It's shortly after midnight on a Saturday in Mainz and a good time to swing by the local Rewe supermarket for a look.
Carring a backpack, Alex (whose name has been changed for the article), a 24-year-old biology student, is on his way to the store. The night is cold and the stars are shining.
Alex is a dumpster diver: Someone who doesn't walk through the front entrance to the supermarket, but whose patch of turf is out back where the trash cans are kept. Their hauls can include salad with wilted leaves, dried-out bread or cookies in damaged packages -- everything that shoppers inside the supermarket would no longer buy.
Alex has belonged to the German dumpster-diving scene for the past two years. Their numbers have continued to rise, especially in college towns like Mainz, Cologne and Hamburg. The food hunters comb through the trash bins of supermarkets nearly every night. Alex's hunts have become as regular as trips to the library over the course of his university studies. He knows the supermarkets like the local Edeka, Plus or Penny well, or rather their backyards.
Is he hard up for cash? "No," says Alex. He earns money as a tutor, and his savings on groceries are only a positive side effect. Alex is someone with strong convictions: He "dives" to set an example in opposition to the throwaway society, the hasty disposal of staple food, and the "madness" that something perfectly useful lands so quickly in the garbage.
Tonight, Alex travels to a Rewe supermarket in a drab suburb that he knows well from earlier visits. The store is illuminated around the clock like a casino with a bright sign that promise big winnings. Alex still has to overcome a couple of obstacles in order to reach Rewe's trash containers because German supermarkets lock their garbage bins as they could be liable if anyone like Alex becomes sick from eating products put into the trash.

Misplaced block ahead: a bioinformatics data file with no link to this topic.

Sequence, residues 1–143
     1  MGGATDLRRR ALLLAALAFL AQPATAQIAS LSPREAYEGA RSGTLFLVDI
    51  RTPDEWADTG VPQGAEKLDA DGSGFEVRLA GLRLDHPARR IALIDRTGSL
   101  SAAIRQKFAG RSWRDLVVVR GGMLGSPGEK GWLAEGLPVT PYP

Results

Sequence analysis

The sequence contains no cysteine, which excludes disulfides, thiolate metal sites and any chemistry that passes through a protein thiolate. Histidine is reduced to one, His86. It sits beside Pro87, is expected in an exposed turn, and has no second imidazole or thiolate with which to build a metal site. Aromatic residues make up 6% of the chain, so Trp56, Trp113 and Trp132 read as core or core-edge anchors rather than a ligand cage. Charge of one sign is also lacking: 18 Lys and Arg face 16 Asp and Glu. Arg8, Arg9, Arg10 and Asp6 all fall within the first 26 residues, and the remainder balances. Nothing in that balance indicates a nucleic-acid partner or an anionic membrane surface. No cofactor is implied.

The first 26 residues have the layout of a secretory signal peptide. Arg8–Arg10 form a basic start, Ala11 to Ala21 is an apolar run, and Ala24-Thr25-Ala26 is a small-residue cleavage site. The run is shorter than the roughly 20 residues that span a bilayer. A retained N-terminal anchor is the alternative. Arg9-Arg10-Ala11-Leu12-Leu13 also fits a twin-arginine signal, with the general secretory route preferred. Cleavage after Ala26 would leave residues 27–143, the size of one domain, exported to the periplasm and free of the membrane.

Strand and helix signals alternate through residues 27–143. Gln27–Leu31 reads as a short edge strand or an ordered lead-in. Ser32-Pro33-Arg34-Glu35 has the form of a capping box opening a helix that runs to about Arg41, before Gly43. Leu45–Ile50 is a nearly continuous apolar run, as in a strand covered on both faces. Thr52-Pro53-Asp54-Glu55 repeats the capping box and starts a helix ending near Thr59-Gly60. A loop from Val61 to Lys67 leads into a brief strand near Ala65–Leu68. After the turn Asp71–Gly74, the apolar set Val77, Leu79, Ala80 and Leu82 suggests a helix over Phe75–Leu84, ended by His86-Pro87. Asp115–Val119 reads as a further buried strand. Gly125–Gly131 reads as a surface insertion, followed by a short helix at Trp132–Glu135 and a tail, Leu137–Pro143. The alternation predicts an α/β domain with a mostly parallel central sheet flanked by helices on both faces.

Alex runs by the main entrance, which is clad in advertisements for oranges and sparkling wine. He then reaches a black iron gate. It is adorned with gold-colored ornaments and protected with a security lock. Alex is relaxed and takes a quick look around. He knows that what he's about to do is legally considered burglary. Even so, dumpster divers who've been caught have gotten off lightly, despite the fact that they could theoretically receive jail sentences.
Alex skillfully swings open the gate and slides along a concrete wall, careful not to set off the motion-detection alarm. In short time, he's standing before nine giant dumpsters. The smell of sweet decay, rotten vegetables, and rancid fat and meat penetrate the senses. Don't let the stench deceive you, Alex says. "Each container has something that's still good."
Alex takes off his backpack, puts on his leather gloves and illuminates the first trash bin with a flashlight. "I think tonight will be successful," he mumbles leaning headfirst into the black bin. The biology student fishes out two packs of cooked ham, four packs of dumpling dough, seven packs of spread and some chives. Then, he turns to the other trash bins.